Group Homes for Armenian Orphans with Disabilities

 
$41,645
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Mar 24, 2014

Annual Report for 2013

Dear friends & supporters - 

Springtime is finally here and with it comes the life-giving news of the last year at Warm Hearth.  
I just returned from Armenia, from our home full of the reassuring comforts of daily routines, full of clay and paints, laughter and tears, feasts and carpet looms and stuffed animals, care-taking and cleaning, meals and stacks of dishes, birthday celebrations and trips to the market and museum, comforting and arguing, singing and giving, learning and toasting and reciting poems, falling and dancing, holding and forgiving. 

It was more beauty than a person can almost bear to sit around the feast table and listen to the residents—all of them—sing carol after carol. Most of you know how much we have endured and how long we have persevered to get two of our residents, Anna and Sassoon, home from institutions. And there they were, seated with the others, toasting to the New Year.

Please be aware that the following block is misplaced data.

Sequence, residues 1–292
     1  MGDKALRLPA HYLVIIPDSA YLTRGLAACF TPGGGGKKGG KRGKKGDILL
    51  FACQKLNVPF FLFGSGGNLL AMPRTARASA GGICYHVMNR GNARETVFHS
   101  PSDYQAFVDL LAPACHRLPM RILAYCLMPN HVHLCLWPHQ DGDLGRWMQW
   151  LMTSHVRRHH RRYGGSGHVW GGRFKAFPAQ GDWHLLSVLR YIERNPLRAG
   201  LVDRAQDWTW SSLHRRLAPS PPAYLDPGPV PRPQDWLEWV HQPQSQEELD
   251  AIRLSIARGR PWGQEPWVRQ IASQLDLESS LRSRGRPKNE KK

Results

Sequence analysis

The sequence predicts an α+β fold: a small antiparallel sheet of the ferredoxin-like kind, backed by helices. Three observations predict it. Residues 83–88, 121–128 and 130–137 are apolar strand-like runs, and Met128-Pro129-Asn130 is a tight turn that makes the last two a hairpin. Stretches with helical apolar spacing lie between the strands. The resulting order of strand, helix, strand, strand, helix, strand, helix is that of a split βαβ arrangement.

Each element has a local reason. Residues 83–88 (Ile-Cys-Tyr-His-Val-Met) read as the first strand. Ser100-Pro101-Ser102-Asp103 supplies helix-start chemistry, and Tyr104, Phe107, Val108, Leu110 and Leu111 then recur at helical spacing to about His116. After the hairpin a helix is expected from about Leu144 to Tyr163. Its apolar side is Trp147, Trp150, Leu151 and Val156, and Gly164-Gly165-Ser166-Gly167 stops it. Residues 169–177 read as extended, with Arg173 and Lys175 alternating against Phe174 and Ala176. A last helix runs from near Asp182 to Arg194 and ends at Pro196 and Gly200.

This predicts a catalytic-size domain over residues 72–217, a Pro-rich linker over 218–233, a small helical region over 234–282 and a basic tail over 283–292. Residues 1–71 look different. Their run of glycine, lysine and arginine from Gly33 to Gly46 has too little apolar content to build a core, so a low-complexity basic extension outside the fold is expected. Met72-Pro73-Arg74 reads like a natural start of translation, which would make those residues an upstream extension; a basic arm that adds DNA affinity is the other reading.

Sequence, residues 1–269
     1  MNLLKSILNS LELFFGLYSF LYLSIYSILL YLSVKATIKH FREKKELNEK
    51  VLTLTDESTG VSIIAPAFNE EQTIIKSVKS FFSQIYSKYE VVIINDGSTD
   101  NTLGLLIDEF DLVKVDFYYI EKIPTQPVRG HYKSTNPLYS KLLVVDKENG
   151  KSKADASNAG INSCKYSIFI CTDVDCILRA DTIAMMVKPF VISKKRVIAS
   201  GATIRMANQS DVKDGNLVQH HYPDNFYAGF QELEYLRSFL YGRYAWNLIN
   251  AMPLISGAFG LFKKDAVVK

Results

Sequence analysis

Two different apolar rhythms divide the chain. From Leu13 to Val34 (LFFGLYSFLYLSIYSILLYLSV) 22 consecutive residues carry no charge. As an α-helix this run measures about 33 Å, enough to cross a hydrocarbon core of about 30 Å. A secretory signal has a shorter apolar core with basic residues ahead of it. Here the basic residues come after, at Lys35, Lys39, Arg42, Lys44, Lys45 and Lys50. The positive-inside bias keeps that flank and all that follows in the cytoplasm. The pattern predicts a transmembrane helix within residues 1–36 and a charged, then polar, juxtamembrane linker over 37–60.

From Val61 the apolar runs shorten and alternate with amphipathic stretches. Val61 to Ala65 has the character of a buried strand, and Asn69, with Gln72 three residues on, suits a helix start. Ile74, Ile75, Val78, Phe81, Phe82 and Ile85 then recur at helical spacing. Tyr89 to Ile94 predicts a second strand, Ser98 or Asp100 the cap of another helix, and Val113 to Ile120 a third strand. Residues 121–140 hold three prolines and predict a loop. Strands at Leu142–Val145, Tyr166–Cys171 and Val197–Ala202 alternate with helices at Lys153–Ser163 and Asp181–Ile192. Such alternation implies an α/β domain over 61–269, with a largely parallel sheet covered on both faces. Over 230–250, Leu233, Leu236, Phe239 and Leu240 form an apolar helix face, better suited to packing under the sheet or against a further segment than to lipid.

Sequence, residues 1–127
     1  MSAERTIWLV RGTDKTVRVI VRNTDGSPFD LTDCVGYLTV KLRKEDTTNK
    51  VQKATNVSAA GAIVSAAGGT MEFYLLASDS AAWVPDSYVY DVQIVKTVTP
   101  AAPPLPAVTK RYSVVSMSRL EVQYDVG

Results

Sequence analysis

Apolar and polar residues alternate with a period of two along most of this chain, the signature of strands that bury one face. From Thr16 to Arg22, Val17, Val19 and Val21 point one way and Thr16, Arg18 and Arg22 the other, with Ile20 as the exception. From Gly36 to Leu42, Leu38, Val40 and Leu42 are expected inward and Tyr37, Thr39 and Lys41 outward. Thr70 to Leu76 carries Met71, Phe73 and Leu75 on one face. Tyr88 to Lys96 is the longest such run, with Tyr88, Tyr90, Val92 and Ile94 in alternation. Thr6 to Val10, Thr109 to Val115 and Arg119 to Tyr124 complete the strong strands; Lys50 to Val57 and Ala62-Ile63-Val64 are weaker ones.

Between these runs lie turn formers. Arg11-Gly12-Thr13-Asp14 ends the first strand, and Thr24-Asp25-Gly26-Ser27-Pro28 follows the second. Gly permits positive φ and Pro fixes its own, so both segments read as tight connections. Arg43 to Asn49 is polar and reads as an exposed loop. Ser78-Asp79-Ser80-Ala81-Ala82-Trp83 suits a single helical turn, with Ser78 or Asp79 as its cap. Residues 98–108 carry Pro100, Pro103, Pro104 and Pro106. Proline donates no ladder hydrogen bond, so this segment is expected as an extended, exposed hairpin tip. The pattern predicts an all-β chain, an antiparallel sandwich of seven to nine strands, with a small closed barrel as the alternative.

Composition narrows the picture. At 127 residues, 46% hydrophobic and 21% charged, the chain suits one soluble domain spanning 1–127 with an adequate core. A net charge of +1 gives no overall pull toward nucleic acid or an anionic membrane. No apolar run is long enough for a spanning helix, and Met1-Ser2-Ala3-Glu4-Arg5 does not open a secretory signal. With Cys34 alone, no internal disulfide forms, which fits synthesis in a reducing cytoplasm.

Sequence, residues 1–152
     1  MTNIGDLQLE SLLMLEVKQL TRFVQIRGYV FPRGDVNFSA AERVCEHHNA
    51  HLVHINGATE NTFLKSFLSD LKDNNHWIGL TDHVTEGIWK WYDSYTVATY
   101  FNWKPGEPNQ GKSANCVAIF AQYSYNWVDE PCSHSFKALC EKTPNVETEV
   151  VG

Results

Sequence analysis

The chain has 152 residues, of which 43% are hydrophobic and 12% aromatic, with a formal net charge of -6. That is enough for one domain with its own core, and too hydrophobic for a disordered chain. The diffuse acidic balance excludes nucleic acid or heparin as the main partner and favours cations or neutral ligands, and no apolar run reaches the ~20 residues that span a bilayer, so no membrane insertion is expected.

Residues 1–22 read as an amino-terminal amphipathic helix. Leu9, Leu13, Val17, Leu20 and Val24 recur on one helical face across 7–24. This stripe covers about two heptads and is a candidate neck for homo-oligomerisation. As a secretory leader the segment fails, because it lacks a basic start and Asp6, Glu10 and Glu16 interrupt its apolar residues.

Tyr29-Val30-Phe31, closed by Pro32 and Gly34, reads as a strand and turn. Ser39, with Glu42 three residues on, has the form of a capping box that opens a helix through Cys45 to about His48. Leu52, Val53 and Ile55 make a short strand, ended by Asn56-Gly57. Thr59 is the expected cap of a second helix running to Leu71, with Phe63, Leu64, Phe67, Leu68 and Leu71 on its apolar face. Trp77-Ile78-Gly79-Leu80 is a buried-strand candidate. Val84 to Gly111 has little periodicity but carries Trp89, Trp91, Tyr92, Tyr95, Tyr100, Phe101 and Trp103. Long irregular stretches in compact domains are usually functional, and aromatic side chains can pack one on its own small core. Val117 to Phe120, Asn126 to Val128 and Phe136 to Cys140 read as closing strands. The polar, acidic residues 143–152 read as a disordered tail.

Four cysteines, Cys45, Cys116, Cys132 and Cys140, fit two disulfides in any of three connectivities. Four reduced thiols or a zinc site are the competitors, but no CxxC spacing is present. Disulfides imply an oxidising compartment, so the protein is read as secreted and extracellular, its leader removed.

Some of us—residents, staff and visitors alike—were so moved that our faces were streaked with tears. I wondered if for the residents they were tears of joy or if so much goodness brought into starker relief some of the heartaches of the past. I will probably never know. 

For my own part, I was reminded of the simple fact that this is why we do what we do: so that these dear people can gather around a table and break bread daily and have someone to console them when they are in need. Thank you for protecting them, for believing that peace should also be theirs. 

---

Enjoy more tidbits about our community: residents, volunteers, supporters, professionals and staff.  Our Annual Report is available for download at: 
Also, if you are on facebook, stay updated on our day-to-days and like us at: www.facebook.com/friendsofwarmhearth.